Q: Colonel Ming is the principle antagonist in Relentless Savage, and he seems like a mad scientist. Is that intentional?

A: Absolutely! Colonel Ming is both a brilliant genetic scientist and a psychopath. In the book, Ming is compared to Josef Mengele, a Nazi doctor at Auschwitz who conducted heinous experiments on prisoners, and I think this is quite fitting given the work of Colonel Ming. For a writer, sculpting the antagonist is often as complex as creating the protagonist. Certainly, Ming is a key figure in Relentless Savage. One of my objectives with this character is to show how science can be used for good or evil—by its nature, science is amoral. It is people who must overlay morality onto science. This was also a message conveyed by Mary Shelley when she penned Frankenstein, and a fitting one to remember.

Q: A couple new characters, friends of Peter Savage, are introduced in Relentless Savage. Did you base these characters on anyone you know?

A: Peter embarks on his odyssey with two good friends, Gary Porter and Todd Steed, and these characters are very important to the story. Yes, they are based on people I have had the pleasure of knowing for many years. In particular, the character of Gary Porter is modeled after one of my dearest friends. It definitely helps if you can bring the personality of people you know into the characters you write about. There is a bond between me (as an author) and the fictional characters I create, and the closer that bond is, the more real the characters become.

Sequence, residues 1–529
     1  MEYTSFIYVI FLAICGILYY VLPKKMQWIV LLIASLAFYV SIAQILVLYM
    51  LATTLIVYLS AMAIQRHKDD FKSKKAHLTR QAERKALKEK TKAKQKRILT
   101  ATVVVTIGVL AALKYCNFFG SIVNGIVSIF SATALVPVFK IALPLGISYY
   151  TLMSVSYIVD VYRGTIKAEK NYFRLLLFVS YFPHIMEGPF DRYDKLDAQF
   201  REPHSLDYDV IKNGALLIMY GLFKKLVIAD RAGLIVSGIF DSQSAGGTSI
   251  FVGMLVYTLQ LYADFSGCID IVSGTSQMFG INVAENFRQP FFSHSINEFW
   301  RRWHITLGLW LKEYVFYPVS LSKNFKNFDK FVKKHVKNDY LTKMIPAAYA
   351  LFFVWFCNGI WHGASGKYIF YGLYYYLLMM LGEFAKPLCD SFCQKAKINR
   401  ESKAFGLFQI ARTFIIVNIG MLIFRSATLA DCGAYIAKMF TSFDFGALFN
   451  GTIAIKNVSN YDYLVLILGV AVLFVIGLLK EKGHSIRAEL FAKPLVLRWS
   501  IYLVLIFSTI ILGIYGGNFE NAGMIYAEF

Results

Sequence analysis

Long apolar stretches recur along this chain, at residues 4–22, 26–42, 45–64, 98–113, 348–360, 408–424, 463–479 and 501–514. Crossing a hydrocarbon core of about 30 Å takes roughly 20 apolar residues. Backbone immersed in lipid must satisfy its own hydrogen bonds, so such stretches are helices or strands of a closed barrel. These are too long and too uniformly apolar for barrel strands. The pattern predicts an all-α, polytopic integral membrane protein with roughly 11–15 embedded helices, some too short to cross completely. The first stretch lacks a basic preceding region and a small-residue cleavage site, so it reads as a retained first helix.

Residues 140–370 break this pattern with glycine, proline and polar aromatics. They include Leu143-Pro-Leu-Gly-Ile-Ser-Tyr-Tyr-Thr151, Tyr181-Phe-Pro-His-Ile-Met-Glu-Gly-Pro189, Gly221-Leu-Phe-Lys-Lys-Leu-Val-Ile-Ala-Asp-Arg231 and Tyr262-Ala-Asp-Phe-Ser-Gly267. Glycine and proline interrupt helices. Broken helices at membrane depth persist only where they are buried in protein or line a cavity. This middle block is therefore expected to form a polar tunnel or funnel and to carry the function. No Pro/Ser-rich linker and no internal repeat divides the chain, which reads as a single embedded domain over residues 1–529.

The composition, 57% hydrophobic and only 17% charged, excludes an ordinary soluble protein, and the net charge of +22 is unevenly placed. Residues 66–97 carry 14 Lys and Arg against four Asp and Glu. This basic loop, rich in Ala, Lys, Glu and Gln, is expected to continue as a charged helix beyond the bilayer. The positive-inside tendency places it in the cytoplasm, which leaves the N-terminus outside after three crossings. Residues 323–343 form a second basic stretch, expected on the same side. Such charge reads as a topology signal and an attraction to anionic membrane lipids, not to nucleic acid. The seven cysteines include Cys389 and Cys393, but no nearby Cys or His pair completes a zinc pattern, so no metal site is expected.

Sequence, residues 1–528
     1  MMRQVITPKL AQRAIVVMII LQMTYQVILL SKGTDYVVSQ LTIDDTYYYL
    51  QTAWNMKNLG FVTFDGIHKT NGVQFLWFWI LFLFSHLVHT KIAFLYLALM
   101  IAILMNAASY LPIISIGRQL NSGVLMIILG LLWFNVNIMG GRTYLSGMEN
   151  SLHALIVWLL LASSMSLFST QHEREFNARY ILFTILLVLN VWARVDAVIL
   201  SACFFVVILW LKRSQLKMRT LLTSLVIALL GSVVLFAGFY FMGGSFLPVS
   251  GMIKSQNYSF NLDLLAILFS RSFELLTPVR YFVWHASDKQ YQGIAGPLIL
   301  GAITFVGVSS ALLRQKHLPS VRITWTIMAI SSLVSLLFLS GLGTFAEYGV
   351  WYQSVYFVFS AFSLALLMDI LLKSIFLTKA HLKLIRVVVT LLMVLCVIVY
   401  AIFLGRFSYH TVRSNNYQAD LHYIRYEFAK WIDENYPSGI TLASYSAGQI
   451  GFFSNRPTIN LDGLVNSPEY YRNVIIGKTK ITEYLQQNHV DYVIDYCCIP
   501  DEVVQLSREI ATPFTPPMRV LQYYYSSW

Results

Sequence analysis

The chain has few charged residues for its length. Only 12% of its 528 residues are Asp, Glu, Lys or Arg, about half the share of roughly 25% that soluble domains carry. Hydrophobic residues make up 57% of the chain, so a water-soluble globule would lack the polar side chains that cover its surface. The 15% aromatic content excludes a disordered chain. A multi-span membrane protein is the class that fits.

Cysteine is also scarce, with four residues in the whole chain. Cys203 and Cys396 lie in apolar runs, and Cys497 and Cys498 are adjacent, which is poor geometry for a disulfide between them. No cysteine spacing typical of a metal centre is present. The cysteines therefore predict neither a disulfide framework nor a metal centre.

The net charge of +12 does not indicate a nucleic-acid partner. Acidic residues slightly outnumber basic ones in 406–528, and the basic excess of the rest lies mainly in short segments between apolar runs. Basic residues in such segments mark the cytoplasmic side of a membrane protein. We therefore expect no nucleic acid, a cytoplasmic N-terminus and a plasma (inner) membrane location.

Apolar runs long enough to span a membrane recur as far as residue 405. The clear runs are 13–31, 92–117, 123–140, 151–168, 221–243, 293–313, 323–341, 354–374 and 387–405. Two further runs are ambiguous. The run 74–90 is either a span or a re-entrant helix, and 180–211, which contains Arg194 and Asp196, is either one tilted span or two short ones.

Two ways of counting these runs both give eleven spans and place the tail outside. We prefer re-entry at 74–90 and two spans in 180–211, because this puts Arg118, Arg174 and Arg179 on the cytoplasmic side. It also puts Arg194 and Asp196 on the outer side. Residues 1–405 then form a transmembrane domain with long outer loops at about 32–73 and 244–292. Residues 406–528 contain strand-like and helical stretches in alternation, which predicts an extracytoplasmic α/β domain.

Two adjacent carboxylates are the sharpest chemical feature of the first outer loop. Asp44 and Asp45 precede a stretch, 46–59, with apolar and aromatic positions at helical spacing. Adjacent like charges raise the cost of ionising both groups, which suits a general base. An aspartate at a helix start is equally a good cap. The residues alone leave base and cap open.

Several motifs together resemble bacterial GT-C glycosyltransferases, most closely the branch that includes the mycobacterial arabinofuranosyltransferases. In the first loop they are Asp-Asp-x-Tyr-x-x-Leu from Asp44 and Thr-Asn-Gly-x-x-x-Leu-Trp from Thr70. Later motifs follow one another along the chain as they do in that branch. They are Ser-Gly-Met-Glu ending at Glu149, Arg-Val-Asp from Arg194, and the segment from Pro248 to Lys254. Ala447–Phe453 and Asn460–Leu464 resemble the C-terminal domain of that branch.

Q: What part of writing your novels do you find the most enjoyable?

A: I really enjoy writing about personal challenges and struggles, especially if there are internal demons that a character is fighting. After all, isn’t that a primary part of what makes us human? How we deal with stressful situations—the tough decisions that we all make at some time in our lives and the scars those decisions leave—to me, that is an emotional and challenging part of the story. If done well, I consider it very rewarding. In the case of Peter Savage, how he manages his internal self-doubt intrigues me. I wanted to put him into incredibly difficult situation—impossible situations—and then “discover” how he would deal with it. I also like the action scenes, so that will always play an important role in my novels.

Q: What books do you like to read and why?